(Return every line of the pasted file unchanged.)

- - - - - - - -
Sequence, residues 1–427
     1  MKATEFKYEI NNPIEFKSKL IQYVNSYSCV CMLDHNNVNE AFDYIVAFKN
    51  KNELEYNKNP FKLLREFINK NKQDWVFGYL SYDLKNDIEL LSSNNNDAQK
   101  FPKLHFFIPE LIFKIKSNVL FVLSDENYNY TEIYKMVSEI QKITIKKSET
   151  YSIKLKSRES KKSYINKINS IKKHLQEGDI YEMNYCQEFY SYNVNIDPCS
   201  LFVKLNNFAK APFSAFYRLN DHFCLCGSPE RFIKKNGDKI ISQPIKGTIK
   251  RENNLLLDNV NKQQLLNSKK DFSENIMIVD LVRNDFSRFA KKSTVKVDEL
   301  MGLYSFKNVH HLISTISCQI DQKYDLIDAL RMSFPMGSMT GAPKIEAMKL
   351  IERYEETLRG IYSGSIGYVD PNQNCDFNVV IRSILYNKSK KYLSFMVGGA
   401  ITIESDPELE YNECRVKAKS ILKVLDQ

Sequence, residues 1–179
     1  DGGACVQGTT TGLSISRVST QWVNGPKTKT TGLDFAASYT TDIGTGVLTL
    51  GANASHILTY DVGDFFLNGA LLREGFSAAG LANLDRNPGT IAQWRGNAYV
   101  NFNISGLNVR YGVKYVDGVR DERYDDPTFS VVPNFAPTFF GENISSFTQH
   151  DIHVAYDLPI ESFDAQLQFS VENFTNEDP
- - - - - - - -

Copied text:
Sequence, residues 1–427
     1  MKATEFKYEI NNPIEFKSKL IQYVNSYSCV CMLDHNNVNE AFDYIVAFKN
    51  KNELEYNKNP FKLLREFINK NKQDWVFGYL SYDLKNDIEL LSSNNNDAQK
   101  FPKLHFFIPE LIFKIKSNVL FVLSDENYNY TEIYKMVSEI QKITIKKSET
   151  YSIKLKSRES KKSYINKINS IKKHLQEGDI YEMNYCQEFY SYNVNIDPCS
   201  LFVKLNNFAK APFSAFYRLN DHFCLCGSPE RFIKKNGDKI ISQPIKGTIK
   251  RENNLLLDNV NKQQLLNSKK DFSENIMIVD LVRNDFSRFA KKSTVKVDEL
   301  MGLYSFKNVH HLISTISCQI DQKYDLIDAL RMSFPMGSMT GAPKIEAMKL
   351  IERYEETLRG IYSGSIGYVD PNQNCDFNVV IRSILYNKSK KYLSFMVGGA
   401  ITIESDPELE YNECRVKAKS ILKVLDQ

Sequence, residues 1–179
     1  DGGACVQGTT TGLSISRVST QWVNGPKTKT TGLDFAASYT TDIGTGVLTL
    51  GANASHILTY DVGDFFLNGA LLREGFSAAG LANLDRNPGT IAQWRGNAYV
   101  NFNISGLNVR YGVKYVDGVR DERYDDPTFS VVPNFAPTFF GENISSFTQH
   151  DIHVAYDLPI ESFDAQLQFS VENFTNEDP